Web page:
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AMD Employee Charged With Stealing Intel Secrets

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  • by bugeaterr (836984) on Tuesday September 16, 2008 @11:06AM (#25025657)

    It was the design of the Pentium Pro's floating point processor.

  • by oldspewey (1303305) on Tuesday September 16, 2008 @11:08AM (#25025675)
    The irony is that his new employer (AMD) would never touch the stolen info with a 10-foot pole. The company I work with (also in the IT sector but not hardware) has very, very clear policies around competitive information. They know just how badly it would go for them if they made use of stolen information brought in by a new (or even existing) employee.
    • by Anonymous Coward on Tuesday September 16, 2008 @11:10AM (#25025711)

      "AMD" wouldn't touch it but it's quite possible lower level employees would look at it to gain valuable insights. Sure they wouldn't directly clone a design but just seeing how it's done can be invaluable.

      • by HungryHobo (1314109) on Tuesday September 16, 2008 @12:55PM (#25027029)

        Kinda surprises me that we don't see more leaked info from anon disgruntled employees.
        Would I be correct in in assuming that once something has reached the public that it loses it's "trade secret" status and can be used by anyone.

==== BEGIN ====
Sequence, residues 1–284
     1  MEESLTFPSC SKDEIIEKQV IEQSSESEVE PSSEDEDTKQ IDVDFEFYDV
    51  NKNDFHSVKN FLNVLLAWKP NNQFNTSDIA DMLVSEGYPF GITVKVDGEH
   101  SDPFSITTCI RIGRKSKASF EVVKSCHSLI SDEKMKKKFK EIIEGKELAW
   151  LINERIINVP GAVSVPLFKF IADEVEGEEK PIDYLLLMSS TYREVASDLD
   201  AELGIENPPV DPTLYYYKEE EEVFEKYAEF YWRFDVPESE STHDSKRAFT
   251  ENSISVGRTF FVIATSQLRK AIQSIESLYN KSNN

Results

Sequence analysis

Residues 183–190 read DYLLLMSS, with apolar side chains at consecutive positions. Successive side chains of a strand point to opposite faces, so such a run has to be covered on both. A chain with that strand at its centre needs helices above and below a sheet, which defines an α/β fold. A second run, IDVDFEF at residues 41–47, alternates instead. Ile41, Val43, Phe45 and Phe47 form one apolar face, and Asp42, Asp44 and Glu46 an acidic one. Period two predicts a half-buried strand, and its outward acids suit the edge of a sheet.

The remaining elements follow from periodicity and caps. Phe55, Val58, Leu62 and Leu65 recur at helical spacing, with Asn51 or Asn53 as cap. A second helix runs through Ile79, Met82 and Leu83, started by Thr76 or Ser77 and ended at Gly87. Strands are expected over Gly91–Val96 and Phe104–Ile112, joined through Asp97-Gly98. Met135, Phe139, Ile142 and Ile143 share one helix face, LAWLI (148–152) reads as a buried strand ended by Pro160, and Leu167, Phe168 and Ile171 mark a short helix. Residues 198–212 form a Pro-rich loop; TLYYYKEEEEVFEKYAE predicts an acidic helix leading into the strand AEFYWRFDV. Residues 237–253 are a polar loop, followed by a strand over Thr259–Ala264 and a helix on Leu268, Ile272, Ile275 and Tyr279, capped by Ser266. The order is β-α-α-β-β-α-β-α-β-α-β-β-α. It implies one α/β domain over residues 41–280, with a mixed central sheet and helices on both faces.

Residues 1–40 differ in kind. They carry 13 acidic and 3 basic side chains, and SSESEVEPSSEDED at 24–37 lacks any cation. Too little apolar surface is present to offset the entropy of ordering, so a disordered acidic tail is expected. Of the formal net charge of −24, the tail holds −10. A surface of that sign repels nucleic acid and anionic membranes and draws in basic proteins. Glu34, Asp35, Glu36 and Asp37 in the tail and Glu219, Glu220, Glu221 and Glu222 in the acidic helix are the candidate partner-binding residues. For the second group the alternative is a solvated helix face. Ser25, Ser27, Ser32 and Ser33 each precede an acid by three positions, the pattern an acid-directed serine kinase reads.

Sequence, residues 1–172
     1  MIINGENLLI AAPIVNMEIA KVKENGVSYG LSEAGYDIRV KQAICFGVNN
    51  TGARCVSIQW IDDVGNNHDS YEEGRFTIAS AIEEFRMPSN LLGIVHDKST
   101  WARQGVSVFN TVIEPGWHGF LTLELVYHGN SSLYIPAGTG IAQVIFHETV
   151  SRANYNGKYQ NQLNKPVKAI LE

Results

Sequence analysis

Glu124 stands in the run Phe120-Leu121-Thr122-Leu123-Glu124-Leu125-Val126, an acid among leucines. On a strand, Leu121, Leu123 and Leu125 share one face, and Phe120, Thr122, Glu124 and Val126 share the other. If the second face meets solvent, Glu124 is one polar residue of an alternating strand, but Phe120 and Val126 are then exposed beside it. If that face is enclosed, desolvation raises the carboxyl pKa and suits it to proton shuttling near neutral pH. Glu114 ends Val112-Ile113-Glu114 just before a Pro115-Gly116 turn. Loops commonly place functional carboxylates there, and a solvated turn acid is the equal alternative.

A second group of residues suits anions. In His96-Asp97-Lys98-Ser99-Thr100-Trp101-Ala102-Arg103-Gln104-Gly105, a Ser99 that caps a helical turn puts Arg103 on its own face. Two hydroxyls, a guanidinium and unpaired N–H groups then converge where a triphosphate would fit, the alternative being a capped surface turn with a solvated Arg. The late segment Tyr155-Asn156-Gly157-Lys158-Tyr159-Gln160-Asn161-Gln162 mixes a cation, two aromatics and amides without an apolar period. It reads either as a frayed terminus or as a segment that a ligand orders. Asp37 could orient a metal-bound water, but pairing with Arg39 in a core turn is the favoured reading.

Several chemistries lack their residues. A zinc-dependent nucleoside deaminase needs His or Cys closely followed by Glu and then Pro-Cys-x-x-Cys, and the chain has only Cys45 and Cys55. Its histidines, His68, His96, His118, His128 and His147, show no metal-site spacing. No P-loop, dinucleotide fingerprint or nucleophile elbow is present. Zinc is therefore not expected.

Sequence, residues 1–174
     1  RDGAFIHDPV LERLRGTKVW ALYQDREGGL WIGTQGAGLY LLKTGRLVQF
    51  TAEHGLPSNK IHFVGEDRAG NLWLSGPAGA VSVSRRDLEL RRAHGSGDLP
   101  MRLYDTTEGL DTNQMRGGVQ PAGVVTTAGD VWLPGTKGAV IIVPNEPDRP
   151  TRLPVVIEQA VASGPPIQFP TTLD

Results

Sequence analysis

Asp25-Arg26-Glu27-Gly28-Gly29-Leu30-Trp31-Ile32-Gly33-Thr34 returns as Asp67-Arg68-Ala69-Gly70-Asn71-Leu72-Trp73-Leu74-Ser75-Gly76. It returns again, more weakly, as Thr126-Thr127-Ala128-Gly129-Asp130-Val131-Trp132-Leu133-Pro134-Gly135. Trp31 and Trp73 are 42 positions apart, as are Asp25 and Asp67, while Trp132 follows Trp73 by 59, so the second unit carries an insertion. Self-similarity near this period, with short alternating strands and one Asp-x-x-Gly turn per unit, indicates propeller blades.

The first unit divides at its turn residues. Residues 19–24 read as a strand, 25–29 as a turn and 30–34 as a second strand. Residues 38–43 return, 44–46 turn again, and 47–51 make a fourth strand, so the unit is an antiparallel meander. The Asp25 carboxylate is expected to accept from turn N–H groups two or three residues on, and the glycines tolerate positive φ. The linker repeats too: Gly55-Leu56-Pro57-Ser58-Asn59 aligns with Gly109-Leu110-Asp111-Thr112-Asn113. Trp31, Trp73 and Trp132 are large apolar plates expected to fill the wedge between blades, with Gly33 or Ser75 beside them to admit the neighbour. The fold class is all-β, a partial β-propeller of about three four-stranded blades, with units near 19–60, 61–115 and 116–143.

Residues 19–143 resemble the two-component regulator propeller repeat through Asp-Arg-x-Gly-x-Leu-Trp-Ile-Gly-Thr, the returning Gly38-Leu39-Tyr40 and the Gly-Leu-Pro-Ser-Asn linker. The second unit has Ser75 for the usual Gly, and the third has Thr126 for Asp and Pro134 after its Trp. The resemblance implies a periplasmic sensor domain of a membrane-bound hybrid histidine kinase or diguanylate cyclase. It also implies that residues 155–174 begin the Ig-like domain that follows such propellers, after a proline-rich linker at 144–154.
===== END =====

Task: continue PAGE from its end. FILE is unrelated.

they'd have to be careful of watermarks etc though.

      • Re: (Score:3, Insightful)

        by rtb61 (674572)
        More likely the reality is that the employee will simply fudge, claim that works as his own in order to seek bonuses, promotions etc. without actually having to do work or even being all that capable of doing it. Likely that particular fellow also borrowed his fellow workmates work to claim as his own whilst at Intel. I once worked with a person like that, all the problems he created where your fault and all the solutions you provided where his and he did bring in some documentation that he claimed as his o
    • by RulerOf (975607) on Tuesday September 16, 2008 @11:11AM (#25025713)

      (AMD) would never touch the stolen info with a 10-foot pole.

      Even if they couldn't directly plagiarize the information to enhance their current architecture (I understand there are a lot of very fundamental differences between them), it would be valuable to AMD if they could determine, for example, how fast Intel's next gen chip is going to be in order to make a product that would be able to compete better, even if it meant sacrificing margins.

      • by Otter (3800)
        They'd have to be out of their minds to do that either. Pani is (allegedly) an idiot if he thought he could score points with this.
      • by eebra82 (907996) on Tuesday September 16, 2008 @12:22PM (#25026697) Homepage

        [..] it would be valuable to AMD if they could determine, for example, how fast Intel's next gen chip is going to be in order to make a product that would be able to compete better, even if it meant sacrificing margins.

        Help me explain your theory here. What you are suggesting is that AMD is working at less than full capacity because they don't know what Intel is prepping in the future? These two companies are bittersweet rivals and knowing that your opponent's product will be 200% faster than the previous one is not going to make AMD's scientists think harder.